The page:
An 18-year-old hispanic female presented for a recheck of her recently fulfilled glasses. Her chief complaint was headaches that started 2-3 months ago. The patient received her glasses 2-3 weeks prior. She described the headaches as worsening for the last 2 months, daily and dull without tinnitus. The patient discontinued her birth control medication as she was suspecting it to be causing the headache. As the headaches persisted, she was seen by her pediatrician who suspected sinusitis and prescribed antibiotics, without improvement. The patient then came back to us to double check her glasses prescription.

She reported being healthy and had no relevant medical history.

On examination, pupils were round and reactive without APD, EOM were full, she was full to finger count OU. The patient had low myopia and recheck of her refraction was only 0.25 more minus compared to her current glasses which did not justify the chief complaint. Her visual acuity was 20/20 in both eyes.

Anterior segment and IOP were WNL.

The patient asked, “can we please repeat the photo of the back of the eye like the one we did 3 months ago?” I found it really odd that the patient was aware that her symptoms could potentially be linked to her fundus. We repeated the fundus photo. See below.

Fundus photos and OCT at first presentation in October 2023:

Fundus photos and OCT at follow up in January 2024:

Fundus evaluation showed swelling of the both optic nerves. OCT highlights significant thickening of the peripapillary NFL OU.

Swelling of both optic nerves along with headaches, raised a significant concern about a potential ongoing intracranial condition. The patient was immediately sent to a nearby urgent care for initial imaging of the head with a CT scan. After performing the test, the urgent care referred the patient to the hospital for a brain MRI STAT. See below (this is an image of a different patient with a similar presentation).

Radiology report was as follows: Cystic mass seen in the right cerebellum measuring 5.3 x 4.5 cm in size with surrounding vasogenic edema and adjacent CSE extra-axial cyst. The lesion is most compatible with a pilocytic astrocytoma.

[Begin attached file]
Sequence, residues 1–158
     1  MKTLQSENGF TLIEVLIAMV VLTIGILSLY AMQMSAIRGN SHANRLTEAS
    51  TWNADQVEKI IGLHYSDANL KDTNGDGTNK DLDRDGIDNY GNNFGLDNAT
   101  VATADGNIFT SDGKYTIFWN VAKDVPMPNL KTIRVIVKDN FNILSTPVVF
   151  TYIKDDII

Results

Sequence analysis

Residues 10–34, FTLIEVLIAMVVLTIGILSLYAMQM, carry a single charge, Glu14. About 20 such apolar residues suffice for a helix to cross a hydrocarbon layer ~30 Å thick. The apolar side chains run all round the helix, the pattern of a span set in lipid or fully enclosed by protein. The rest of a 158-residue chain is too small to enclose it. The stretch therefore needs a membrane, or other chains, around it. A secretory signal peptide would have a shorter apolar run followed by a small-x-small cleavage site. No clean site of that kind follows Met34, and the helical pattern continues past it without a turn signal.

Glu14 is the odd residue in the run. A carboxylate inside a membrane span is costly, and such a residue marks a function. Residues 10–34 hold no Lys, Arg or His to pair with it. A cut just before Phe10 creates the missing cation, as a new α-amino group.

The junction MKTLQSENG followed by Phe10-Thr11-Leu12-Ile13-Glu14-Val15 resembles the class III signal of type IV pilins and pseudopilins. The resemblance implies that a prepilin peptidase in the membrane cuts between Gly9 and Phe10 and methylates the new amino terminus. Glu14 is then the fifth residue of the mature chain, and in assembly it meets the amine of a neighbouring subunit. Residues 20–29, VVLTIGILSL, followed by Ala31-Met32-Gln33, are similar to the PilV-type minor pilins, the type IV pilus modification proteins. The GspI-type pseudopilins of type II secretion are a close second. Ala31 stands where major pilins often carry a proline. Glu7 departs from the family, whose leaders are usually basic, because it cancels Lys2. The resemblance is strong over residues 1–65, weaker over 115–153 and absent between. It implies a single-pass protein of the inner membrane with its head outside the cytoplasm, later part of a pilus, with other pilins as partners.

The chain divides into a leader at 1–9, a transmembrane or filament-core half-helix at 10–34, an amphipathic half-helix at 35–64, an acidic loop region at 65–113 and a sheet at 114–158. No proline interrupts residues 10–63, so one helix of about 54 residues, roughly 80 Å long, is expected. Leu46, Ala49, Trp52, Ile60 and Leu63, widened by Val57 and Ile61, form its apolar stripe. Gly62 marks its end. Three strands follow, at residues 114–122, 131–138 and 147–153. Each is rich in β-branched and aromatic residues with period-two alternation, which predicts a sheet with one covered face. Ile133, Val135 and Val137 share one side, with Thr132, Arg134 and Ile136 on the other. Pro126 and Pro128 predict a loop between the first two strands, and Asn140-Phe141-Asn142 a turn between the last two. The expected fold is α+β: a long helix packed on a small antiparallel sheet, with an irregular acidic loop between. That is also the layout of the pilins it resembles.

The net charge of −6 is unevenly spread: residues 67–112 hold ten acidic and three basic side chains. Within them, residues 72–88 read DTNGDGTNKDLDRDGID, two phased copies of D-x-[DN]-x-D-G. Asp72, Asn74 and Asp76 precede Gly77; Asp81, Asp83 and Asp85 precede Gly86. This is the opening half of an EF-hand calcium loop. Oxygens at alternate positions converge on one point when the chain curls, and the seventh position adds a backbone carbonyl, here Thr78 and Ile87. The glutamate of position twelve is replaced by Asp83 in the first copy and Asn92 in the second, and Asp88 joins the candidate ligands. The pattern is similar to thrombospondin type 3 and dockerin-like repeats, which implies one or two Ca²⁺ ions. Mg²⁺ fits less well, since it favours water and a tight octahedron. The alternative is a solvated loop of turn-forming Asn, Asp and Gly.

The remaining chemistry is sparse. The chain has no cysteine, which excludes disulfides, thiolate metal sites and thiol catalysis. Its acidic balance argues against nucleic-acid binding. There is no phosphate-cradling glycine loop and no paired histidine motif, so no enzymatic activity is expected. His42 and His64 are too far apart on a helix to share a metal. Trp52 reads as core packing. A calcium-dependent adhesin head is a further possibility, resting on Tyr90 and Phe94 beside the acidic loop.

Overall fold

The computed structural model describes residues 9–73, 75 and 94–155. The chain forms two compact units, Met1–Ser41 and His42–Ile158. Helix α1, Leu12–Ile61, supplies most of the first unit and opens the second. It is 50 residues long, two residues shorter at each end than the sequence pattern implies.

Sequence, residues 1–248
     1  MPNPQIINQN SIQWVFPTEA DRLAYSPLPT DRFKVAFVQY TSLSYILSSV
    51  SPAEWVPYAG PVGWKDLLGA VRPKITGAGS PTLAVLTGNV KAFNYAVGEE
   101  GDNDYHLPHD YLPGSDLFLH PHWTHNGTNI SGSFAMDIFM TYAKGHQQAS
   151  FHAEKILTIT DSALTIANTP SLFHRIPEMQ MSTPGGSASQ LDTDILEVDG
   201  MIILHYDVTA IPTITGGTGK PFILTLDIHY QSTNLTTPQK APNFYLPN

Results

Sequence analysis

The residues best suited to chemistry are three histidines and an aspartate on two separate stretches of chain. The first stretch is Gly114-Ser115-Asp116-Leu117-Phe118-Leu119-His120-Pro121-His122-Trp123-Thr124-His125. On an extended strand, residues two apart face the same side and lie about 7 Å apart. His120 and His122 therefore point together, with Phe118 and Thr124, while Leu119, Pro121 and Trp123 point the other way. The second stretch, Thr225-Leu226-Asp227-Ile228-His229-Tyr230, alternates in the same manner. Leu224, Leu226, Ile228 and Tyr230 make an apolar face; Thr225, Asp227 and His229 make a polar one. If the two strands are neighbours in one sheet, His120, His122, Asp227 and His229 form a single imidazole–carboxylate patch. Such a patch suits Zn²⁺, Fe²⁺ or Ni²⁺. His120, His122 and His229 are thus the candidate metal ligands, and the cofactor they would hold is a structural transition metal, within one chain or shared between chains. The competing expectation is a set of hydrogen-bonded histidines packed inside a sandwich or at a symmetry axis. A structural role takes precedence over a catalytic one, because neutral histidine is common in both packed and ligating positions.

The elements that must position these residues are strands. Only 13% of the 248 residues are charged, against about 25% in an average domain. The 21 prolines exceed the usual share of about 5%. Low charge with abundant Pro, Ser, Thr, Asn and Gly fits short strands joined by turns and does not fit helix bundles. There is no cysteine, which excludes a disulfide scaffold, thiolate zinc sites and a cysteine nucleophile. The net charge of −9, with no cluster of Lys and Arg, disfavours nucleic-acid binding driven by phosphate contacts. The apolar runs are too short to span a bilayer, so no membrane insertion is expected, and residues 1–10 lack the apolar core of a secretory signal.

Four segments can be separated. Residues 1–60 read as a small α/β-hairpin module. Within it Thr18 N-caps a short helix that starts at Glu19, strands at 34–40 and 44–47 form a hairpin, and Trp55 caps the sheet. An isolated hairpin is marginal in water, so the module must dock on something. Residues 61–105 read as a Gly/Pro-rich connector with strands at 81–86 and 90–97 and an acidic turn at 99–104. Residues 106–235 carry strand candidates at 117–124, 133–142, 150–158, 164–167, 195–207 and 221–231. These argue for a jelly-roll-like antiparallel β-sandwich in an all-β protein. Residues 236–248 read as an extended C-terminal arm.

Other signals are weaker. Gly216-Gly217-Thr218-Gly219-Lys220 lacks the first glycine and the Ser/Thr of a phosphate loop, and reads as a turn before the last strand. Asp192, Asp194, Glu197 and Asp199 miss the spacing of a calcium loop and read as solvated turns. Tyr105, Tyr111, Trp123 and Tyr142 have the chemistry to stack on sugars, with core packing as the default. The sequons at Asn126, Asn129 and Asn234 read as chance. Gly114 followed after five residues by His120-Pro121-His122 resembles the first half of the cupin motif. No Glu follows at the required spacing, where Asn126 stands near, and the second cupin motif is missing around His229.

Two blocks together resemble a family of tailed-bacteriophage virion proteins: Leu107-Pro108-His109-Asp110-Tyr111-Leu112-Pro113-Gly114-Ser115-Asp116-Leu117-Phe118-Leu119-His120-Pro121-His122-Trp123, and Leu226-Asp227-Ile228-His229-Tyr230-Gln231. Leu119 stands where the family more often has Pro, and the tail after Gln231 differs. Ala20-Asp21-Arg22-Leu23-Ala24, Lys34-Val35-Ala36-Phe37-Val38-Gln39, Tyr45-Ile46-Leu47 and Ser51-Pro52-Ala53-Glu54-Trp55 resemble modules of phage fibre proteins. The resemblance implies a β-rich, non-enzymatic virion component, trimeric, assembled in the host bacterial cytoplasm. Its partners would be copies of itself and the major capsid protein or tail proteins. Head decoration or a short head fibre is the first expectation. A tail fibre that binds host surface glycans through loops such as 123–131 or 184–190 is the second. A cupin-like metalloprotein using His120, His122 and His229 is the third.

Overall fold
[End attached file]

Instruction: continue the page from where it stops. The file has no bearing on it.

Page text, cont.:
Pilocytic astrocytomas are the most common benign brain tumors of children and young adults, and account for approximately 5% of all gliomas. They arise from astrocytes, which are part of the supporting tissue (glial cells) of the central nervous system and are therefore classified as gliomas. Microscopically, pilocytic astrocytomas have a fibrous “pilocytic” character. Macroscopically, they are often cystic, meaning that pilocytic astrocytomas consist of a mixture of fluid-filled cavities and solid portions. Most pilocytic astrocytomas are slow-growing tumors that do not spread to other parts of the body and have a very good prognosis.

In children, pilocytic astrocytomas arise frequently from the astrocyte cells of the cerebellum, a region that plays a crucial role in movement and balance. However, pilocytic astrocytomas can also arise in the visual pathway, cerebrum, or brainstem.

If possible, the first choice treatment is the complete microsurgical removal of the pilocytic astrocytoma. Especially in juveniles, a cure can be achieved after complete removal of the tumor in most cases with a 10-year survival rate of up to 100% and a recurrence rate of only 2–5%. After complete tumor removal, neither radiation nor chemotherapy is necessary. If a residual pilocytic astrocytoma remains after surgery and cannot be surgically removed, radiotherapy is an effective option.

Our patient will undergo surgical removal of the lesion and as stated above, her prognosis is excellent.

This case highlights the importance of Optometry in society today.

I hope you enjoyed this case and I’ll see you next month!

Many thanks to Dr. Leoncio Gonzalez for sharing this case with me.